5 August 2011
ABUJA (Reuters) - A landmark U.N. report on 50 years of oil pollution in Nigeria is unlikely to bring the change many had hoped for, after Shell and the national petroleum company went on the defensive and weary local communities said they had seen it all before.
The United Nations Environment Program (UNEP) report focused on the Ogoniland region and is the most comprehensive, scientific analysis in any area of the vast Niger Delta wetlands, the heartland of
Africa's largest energy industry.
The report offers evidence that operator Shell Petroleum Development Company (SPDC), a coalition between state-oil firm NNPC and Shell, failed to follow best practice, leading to serious public health issues.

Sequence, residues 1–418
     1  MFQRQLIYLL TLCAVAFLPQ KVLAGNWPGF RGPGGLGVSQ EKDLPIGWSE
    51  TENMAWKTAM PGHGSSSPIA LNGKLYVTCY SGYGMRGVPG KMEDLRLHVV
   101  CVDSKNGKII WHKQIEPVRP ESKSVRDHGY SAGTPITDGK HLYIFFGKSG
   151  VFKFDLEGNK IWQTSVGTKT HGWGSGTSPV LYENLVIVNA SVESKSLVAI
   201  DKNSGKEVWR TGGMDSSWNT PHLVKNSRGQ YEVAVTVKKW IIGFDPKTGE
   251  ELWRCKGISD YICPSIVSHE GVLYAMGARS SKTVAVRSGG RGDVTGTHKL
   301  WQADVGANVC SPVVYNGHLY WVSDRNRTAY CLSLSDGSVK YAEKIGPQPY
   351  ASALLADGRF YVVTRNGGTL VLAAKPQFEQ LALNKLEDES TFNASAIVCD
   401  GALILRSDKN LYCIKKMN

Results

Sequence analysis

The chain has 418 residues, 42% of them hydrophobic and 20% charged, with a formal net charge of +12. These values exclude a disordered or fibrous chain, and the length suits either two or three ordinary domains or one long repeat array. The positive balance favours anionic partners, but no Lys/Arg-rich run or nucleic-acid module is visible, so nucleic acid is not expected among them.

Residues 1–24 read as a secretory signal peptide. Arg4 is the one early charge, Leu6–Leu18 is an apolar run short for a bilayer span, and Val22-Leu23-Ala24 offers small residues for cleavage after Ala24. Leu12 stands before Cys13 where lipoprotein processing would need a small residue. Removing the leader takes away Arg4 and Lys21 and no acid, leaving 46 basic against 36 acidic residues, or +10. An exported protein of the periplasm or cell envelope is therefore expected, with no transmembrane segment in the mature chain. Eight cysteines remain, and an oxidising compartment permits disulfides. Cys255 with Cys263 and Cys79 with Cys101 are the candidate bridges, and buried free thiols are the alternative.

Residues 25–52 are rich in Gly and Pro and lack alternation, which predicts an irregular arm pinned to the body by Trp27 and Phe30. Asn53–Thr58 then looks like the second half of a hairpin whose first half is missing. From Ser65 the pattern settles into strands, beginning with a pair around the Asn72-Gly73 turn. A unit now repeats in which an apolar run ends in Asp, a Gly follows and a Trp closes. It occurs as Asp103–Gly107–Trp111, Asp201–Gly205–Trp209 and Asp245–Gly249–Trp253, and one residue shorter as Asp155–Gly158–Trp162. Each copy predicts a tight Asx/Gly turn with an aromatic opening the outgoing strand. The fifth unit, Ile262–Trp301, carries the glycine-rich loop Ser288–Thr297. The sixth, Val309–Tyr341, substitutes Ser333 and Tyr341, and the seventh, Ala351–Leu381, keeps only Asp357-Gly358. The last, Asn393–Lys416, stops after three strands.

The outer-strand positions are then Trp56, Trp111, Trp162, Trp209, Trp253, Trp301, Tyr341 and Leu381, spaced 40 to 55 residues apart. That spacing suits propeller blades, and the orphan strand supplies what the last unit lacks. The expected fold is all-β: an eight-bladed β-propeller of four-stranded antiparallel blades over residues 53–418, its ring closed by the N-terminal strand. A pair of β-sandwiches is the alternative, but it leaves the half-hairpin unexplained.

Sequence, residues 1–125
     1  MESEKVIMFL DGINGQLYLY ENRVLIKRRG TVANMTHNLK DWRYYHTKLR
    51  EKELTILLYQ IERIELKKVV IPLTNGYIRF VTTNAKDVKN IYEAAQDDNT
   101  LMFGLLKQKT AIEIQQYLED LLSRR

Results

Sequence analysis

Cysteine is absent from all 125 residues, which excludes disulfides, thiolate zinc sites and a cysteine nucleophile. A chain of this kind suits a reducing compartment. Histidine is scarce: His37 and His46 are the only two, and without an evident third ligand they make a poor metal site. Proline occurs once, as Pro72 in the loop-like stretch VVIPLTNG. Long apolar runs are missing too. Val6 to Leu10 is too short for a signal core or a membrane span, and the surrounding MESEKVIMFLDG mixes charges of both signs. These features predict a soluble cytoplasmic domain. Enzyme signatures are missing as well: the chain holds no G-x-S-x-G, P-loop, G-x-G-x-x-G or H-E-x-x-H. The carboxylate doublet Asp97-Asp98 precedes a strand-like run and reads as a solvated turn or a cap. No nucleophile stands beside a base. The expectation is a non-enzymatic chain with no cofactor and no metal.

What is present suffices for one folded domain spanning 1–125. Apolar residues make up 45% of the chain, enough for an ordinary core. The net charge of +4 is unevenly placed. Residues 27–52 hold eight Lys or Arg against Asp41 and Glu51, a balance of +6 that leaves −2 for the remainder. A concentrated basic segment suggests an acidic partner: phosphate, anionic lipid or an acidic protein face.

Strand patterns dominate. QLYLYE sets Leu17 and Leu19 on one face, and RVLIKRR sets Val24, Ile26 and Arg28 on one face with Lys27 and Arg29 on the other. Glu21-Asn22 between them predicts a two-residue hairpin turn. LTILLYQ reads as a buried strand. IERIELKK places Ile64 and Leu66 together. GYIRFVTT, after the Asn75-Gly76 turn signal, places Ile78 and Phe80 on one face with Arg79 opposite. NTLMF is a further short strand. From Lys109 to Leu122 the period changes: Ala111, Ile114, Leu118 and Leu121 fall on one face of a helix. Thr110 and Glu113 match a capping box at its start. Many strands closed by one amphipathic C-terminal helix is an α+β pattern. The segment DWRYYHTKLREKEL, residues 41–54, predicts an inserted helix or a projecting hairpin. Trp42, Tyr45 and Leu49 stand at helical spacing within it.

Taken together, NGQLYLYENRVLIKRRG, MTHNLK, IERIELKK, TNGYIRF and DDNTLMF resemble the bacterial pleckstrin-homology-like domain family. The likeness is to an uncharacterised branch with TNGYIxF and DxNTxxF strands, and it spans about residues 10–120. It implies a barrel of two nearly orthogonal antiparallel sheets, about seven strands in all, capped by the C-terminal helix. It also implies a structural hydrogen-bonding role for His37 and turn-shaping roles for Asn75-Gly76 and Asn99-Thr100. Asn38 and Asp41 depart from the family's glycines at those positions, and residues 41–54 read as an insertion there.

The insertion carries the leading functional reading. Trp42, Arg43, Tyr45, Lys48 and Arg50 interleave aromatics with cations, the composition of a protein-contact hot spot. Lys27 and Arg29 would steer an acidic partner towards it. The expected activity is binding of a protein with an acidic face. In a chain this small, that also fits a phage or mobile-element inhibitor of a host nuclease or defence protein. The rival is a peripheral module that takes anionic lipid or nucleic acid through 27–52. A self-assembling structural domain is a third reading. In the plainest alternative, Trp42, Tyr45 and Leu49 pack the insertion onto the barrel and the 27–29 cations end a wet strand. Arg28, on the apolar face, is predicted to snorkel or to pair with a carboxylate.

The report laid out a detailed road map for the world's biggest ever oil-spill clean-up, taking 30 years and cost an initial $1 billion, led by money from SPDC and the Nigerian government. The local communities are not holding their breath.
"The shelves are filled with reports ... the fact that the devastation was caused by oil exploitation is something that all of us already knew," said Ledum Mitee, president of the Movement for the Survival of Ogoni People (MOSOP).
"In our view, Shell has just been able to purchase, at huge cost and time, another four years of doing nothing, absolutely nothing, to clean the environment."
"The report finally confirms what we have been saying all these years; that the entire Niger Delta region, not just Ogoni land, has been severely damaged due to oil exploitation," said Nnimmo Bassey, director of Environmental Rights Action (ERA).
"But I'm not optimistic that the multinationals and government will change their ways of operating in the country despite the fact that the report said that Shell did not meets its own required standards of operations."